1) The expected net benefit is determined: The net consumer surplus, or net resource value, is equal to the total avoided supply costs (fixed and variable) minus the total cost of the DSM programs.
2) DSM costs are recovered: To reduce the risk of implementing DSM programs the total cost of the programs was to be recovered by the utility at the end of the year incurred.
3) The reward: A portion of the net benefit is distributed to the utility. For both Narragansett Electric (NE) and Granite State Electric (GSE) the reward incentive was 10% of the net resource value (to encourage cost-effective DSM) plus 5% of the total avoided cost (an incentive to pursue all DSM opportunities, and not just "cream-skimming" those offering the greatest marginal net value). NE was allowed to earn the incentive on all savings beyond 50% of the goal net resource value. GSE on the other hand earned the incentive on all savings, not just those in excess of 50%, but only once a threshold was exceeded.
4) Lost Revenues: By definition DSM reduces the growth of sales. In the case of NEES the revenue lost through decreased sales volume was accounted for in the wholesale rates set by the Federal Energy Regulatory Commission (FERC) which allowed NEES a reasonable return on investment.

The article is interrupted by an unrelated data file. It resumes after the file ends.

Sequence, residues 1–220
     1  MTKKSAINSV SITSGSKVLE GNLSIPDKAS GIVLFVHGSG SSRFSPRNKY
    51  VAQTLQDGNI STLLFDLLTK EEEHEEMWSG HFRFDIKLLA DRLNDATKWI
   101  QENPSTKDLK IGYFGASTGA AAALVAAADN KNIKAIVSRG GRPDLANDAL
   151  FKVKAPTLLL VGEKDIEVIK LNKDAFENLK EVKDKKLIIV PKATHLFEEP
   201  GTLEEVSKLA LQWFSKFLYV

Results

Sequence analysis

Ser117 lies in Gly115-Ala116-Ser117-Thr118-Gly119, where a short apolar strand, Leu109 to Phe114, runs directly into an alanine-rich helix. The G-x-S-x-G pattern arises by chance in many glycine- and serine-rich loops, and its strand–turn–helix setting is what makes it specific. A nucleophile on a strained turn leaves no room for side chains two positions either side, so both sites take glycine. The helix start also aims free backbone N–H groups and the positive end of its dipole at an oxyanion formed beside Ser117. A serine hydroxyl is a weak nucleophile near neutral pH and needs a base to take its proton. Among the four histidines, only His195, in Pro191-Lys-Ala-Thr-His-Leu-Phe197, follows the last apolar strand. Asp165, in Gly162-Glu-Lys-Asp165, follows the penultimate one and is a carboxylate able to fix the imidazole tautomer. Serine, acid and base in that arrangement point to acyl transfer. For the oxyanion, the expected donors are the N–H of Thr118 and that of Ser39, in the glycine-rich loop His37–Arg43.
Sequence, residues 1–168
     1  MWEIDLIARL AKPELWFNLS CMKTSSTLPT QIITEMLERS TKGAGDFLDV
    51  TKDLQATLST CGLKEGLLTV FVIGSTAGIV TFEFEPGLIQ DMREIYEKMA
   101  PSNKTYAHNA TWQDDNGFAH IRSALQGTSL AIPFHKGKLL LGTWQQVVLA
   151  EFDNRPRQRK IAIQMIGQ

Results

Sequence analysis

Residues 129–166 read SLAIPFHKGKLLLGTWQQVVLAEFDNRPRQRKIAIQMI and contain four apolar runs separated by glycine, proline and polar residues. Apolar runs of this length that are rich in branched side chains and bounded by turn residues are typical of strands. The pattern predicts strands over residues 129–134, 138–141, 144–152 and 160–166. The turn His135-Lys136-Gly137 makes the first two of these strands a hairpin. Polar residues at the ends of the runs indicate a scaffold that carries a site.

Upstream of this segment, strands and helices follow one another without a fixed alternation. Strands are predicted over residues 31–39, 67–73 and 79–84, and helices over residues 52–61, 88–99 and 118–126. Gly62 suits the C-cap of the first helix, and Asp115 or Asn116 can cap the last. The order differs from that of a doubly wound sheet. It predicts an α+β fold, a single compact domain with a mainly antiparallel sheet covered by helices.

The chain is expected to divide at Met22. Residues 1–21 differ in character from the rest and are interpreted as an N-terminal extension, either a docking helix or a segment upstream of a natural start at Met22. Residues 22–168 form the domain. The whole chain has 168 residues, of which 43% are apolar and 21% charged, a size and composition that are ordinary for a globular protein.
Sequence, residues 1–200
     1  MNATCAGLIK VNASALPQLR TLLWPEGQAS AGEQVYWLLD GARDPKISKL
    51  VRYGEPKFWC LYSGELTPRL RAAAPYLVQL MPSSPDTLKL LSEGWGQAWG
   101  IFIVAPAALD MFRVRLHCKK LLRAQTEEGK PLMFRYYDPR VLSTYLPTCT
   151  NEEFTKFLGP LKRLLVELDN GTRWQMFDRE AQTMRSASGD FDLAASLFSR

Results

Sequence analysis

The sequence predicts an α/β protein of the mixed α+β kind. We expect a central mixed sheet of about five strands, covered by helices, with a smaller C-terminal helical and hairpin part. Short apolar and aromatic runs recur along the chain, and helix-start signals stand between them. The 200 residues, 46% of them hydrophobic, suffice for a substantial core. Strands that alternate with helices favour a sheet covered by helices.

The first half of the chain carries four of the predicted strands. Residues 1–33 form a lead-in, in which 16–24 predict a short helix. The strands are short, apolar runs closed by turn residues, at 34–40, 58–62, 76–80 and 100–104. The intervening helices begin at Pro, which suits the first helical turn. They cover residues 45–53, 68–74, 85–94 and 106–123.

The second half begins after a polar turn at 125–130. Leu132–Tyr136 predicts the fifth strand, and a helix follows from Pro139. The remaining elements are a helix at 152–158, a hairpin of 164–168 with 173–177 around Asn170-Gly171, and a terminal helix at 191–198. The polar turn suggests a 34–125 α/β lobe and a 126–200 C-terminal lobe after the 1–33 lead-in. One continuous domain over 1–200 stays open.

|Avoided utility supply costs|
|Utility DSM program expenditures|
|Estimated customer contribution|
|Net resource value|
|DSM expenditures as a percent of utility revenues|
|Total incentive as a percent of DSM program expenditures|
|Total incentive as a percent of utility program cost and customer contribution|
|Source: PG&E, 1991; and Hutchinson, 1991; within Eto, Joseph; Alan Destibats and Donald Schultz, 1992.|